So with this in mind, its easy to feel guilty when we experience 21st century sexism.
The whole “We don’t have it as bad as they did” argument is poisonous. It makes it easy for us to forgive and forget, to allow behavior that realistically shouldn’t be permitted.
I Call Myself A Feminist explores what it is like to be a present day feminist, helping you to not feel so alone and naive. It validates your experiences and your identity as a feminist.
“The F Word is Fairness.” -Kate Mosse
This book enabled me to connect with a part of myself I had kept hidden for years. It was Louise ONeill’s account of sexual abuse and how it affected her relationship with the women around her that helped me to forgive myself. When you’ve had someone force themselves on you and get away with it, you are consumed with so much anger and hurt.
For me, disappointment in myself was big. I was ashamed that I hadn’t spoken louder, that I hadn’t screamed or called for help or even tried to lash out. Instead, I froze up. I was 13 years old and I had my first boyfriend. I wanted to just hold hands and be cute at school. He said to me “there isn’t a thing I wouldn’t do for you” I said “me too”, my thirteen year old mind couldn’t comprehend what he really meant. He pulled my top down. The my shorts, tights and pants. I was wearing Mr Men pants from Topshop. I barely felt comfortable in the gym changing room let alone with a boy.
He said “you’ll like this trust me” I said “I’ll pass thanks”, he did it anyway. Naturally, word got out, rumours flew around about me at school, everyone was furious, with me. He was commended as some kind of war hero, whilst I became the school slut. I had boys making up rhymes about me, girls giving me filthy looks. Even my own friends were dumbfounded. No one asked me if I was okay. Because no one asked, no one knew. Because no one knew, I felt irrelevant and that how I felt was wrong.
You’re probably asking “well, why were you alone with him?” Because at that age I never imagined what would happen. I was young, naive and childish. People have said to me since “what did you expect! being alone with a boy” I didn’t expect it. But he did. And that’s the problem.
Somehow, somewhere along the line, children are assuming that its the done thing. They are assuming that it is a rite of passage to touch someone up and that if they say no, being called frigid is the worst thing imaginable.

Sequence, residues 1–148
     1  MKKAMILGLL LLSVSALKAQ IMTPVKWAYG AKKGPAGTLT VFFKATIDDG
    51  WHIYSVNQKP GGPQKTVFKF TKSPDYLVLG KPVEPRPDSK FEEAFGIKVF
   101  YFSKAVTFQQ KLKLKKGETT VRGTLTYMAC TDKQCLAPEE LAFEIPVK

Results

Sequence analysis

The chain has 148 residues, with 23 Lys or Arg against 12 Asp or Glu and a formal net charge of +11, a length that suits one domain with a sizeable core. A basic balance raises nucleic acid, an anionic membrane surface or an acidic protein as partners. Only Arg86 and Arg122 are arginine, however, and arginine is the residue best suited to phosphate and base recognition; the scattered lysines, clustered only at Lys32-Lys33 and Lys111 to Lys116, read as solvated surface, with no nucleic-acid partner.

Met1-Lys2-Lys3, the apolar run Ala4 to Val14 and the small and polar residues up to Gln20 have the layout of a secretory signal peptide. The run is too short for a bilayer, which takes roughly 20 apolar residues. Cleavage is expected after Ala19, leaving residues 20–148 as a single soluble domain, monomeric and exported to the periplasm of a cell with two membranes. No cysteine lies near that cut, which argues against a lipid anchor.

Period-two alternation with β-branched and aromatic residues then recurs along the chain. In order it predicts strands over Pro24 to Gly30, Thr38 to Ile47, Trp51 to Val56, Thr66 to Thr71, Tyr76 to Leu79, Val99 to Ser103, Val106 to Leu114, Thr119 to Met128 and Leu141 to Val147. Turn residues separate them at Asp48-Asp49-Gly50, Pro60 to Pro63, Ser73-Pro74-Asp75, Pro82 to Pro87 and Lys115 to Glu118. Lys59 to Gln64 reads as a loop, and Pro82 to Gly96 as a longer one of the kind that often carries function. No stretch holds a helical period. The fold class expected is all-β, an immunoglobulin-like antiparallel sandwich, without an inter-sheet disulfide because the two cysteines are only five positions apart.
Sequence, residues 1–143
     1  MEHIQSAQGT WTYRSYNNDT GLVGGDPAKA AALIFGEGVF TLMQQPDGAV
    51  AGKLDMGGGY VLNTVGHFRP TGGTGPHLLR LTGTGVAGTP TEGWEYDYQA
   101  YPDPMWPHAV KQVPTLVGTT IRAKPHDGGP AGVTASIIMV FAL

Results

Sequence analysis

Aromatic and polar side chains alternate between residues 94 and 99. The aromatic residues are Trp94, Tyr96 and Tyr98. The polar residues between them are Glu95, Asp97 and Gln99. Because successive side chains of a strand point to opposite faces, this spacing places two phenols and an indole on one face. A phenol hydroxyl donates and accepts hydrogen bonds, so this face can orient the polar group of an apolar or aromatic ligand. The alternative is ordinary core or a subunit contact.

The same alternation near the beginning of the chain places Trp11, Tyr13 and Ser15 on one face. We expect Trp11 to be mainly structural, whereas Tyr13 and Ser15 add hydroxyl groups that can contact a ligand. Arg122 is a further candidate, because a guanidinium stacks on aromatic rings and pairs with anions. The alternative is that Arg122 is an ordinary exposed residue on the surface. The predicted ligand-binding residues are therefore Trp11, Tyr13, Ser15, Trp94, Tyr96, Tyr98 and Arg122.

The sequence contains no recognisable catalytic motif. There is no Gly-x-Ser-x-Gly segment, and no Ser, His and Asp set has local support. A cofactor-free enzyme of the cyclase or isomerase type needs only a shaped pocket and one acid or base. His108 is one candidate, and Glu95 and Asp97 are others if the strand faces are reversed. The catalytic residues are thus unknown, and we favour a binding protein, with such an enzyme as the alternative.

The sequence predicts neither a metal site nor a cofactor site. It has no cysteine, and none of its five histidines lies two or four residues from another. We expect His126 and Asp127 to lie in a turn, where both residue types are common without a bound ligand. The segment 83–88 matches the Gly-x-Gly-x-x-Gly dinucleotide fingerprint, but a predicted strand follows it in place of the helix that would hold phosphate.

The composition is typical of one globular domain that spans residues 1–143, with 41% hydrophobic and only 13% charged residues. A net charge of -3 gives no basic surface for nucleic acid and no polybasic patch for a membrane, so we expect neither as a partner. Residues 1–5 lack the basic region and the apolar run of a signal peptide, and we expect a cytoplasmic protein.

I’m not sharing this story to receive sympathy or attention, I am sharing it because sexual abuse doesn’t always mean being dragged into a bush late one night on the way home, kicking and screaming. I want people to realise that when someone takes advantage of you in a vulnerable position, you are not at fault. Because in your terror you froze up and didn’t fight, it does’t make you a coward or to blame.
YOU ARE NOT TO BLAME.
It took me such a long time to realise that I had no fault in what happened and if sharing this can help anyone else realise that they are not at fault then I will gladly preach this.
I was angry at him for a long time. But, it is in my opinion that he was as much a victim as I was. Society taught him that he could help himself to my body. That is the chain feminism wants to break.
It made me realise why I am a feminist: to break this chain of abuse.
I am a feminist.
How to be a woman
By Caitlin Moran
Ideal for: all women
Avoid if: you don’t want to risk laughing until you cry in public. Messy business.
Age range: 16+
For any of you who don’t know, Caitlin Moran is hilarious. She has five books now, How To Be A Woman was her second, published in 2011. This book serves as a memoir with a focus on being a woman. From periods, to orgasms, to naming your vagina, to dating, to children and abortion, and to career. It covers a whole range of experiences, each one of them relating back to feminism and delivered with so much gusto and humour that it is impossible to not laugh! (See section on naming your daughter Cunt)